Cotton Court was originally built in 1851 as a spinning mill for Thomas Ainsworth & Sons, one of Preston’s largest spinning firms, and was known as Church Street Mill. In 1875 it was taken over by James Starkie & Sons, Iron & Wire Workers.
Prior to this, James Starkie & Sons were based at 94 Church Street for several years; a need for larger premises saw them move to Church Street Mills where he carried on his business of iron, wire working and weaving.
In the first department of the works he manufactured wire netting for poultry and game fencing. The firm was able to turn out about 30,000 yards of wire netting a week when all of the machines were in operation. The main speciality of Starkie & Sons was wire weaving. Any class of wire required was supplied and woven to the pattern in either iron, steel, copper, brass or plated wire
The general wire works rooms where devoted to making decorative and ornamental wire works, such as flower stands, garden arches, trellis work and window guards. Another important section of the business was the manufacture of window blinds. Starkie & Sons used to make Venetian blinds using the best yellow pine for the laths, which were both paned and painted by machine.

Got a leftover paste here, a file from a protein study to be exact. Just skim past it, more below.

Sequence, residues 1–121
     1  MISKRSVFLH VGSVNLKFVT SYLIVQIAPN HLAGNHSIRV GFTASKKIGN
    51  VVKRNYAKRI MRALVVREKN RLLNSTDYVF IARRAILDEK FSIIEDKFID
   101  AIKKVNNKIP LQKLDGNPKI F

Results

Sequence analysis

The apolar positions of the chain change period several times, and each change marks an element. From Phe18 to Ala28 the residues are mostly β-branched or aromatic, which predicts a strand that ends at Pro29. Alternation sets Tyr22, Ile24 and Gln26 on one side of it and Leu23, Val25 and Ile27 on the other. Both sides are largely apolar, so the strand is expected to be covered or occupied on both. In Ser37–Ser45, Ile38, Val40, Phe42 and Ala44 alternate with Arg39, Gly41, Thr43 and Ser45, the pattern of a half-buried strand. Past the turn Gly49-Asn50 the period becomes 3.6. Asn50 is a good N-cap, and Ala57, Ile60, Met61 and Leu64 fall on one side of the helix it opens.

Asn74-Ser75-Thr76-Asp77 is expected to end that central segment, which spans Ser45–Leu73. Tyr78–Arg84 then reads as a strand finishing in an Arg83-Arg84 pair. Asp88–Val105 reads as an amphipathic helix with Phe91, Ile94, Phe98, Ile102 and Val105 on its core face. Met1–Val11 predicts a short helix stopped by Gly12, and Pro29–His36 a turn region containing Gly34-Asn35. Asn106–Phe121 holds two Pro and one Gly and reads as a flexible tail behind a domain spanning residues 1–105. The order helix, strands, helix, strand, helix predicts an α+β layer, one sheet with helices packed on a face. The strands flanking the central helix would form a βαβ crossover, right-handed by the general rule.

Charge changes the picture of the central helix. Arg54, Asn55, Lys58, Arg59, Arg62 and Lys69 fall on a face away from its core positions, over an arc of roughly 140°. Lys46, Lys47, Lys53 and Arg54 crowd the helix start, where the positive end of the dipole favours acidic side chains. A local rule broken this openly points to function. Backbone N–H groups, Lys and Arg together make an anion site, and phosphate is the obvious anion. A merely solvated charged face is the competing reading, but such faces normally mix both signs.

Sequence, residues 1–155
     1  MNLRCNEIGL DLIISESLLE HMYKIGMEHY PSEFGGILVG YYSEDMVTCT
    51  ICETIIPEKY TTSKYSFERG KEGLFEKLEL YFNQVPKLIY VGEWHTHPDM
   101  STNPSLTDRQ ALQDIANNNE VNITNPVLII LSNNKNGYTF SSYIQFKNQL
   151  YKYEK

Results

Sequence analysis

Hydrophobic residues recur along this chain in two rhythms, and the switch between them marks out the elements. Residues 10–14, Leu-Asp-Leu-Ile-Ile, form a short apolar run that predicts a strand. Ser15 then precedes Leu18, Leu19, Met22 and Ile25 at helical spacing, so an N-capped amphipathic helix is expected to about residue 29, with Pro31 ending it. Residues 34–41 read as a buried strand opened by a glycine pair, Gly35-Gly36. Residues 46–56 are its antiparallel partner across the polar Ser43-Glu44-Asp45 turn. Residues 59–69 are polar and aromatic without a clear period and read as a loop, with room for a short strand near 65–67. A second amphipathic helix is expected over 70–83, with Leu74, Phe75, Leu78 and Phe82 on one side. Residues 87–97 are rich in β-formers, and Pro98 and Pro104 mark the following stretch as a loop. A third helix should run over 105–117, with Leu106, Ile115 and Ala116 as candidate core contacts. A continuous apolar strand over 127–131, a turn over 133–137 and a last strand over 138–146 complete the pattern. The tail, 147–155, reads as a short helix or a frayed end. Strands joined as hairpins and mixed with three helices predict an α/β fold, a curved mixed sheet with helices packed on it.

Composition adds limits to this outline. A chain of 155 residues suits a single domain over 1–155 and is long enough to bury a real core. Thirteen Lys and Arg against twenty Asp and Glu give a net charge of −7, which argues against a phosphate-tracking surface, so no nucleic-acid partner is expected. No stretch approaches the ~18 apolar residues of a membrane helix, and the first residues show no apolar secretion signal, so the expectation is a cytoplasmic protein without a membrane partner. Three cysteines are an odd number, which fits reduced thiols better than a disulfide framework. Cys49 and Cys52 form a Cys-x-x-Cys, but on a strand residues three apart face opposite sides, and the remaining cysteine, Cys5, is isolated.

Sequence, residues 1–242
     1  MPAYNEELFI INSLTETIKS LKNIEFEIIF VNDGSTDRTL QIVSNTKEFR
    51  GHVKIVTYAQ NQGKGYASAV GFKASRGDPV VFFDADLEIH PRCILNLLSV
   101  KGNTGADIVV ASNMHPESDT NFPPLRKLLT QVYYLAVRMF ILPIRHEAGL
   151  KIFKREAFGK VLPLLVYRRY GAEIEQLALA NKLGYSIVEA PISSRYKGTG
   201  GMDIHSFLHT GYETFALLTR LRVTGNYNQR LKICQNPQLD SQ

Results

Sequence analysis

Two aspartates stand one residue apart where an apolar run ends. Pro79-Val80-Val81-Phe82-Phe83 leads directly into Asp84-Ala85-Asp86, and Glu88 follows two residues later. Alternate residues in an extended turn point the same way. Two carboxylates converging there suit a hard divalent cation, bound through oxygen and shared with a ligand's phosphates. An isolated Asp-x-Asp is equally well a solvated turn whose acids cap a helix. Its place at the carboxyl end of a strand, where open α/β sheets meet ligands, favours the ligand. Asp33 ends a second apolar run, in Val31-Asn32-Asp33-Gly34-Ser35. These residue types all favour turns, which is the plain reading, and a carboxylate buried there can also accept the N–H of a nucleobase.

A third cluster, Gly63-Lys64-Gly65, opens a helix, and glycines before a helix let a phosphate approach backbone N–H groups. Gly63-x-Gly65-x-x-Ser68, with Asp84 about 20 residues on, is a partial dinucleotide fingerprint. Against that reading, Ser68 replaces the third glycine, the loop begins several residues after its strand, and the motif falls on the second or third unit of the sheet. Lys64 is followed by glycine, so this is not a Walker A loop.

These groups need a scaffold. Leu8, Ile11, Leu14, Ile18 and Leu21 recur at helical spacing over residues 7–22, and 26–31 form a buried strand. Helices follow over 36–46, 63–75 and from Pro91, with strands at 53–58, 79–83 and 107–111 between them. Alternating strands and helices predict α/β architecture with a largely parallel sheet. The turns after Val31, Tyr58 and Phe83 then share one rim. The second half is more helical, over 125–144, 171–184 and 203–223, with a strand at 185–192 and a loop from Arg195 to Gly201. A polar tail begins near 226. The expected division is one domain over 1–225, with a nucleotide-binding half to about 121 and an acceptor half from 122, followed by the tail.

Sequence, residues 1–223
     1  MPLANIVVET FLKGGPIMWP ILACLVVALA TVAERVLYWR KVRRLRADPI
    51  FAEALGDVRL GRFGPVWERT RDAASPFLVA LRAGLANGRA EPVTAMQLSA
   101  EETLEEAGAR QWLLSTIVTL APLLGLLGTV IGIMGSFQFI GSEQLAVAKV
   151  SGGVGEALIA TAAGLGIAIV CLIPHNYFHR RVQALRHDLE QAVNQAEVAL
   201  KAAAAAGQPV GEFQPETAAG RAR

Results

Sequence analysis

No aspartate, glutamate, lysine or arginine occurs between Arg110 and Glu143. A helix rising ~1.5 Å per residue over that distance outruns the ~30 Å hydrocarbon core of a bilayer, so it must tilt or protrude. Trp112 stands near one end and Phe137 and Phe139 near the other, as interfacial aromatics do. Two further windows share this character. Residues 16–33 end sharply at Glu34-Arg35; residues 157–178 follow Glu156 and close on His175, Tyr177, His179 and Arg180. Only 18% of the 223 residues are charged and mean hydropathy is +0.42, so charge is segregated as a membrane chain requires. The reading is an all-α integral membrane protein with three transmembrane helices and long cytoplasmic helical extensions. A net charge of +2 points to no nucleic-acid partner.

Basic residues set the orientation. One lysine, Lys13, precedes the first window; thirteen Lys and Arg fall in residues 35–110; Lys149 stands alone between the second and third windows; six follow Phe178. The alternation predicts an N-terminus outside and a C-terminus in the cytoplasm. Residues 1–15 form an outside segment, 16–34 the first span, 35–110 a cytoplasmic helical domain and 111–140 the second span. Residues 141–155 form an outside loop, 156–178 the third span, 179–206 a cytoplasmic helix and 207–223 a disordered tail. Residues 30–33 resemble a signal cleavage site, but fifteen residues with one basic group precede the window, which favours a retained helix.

The last department manufactured wrought iron fencing, hurdles, gates, railings of all shapes and sizes that were often installed by his employees. Mr Starkie had to expand the premises to meet demand both in the UK and his thriving export trade.
The image here shows James Starkie & Son’s Wire floats on London Road during the 1902 Preston Guild. The float closest to the camera displays a selection of the company’s blinds. The next displays the ornate wire pagoda. For the next 100 years was always known as “The Wireworks”.
Today it is home to a whole host of businesses after being transformed into Cotton Court Business Centre, retaining many of the original features.
A huge thank you to Peter G Wilkinson (Preston Historical Society) for all his hard work.
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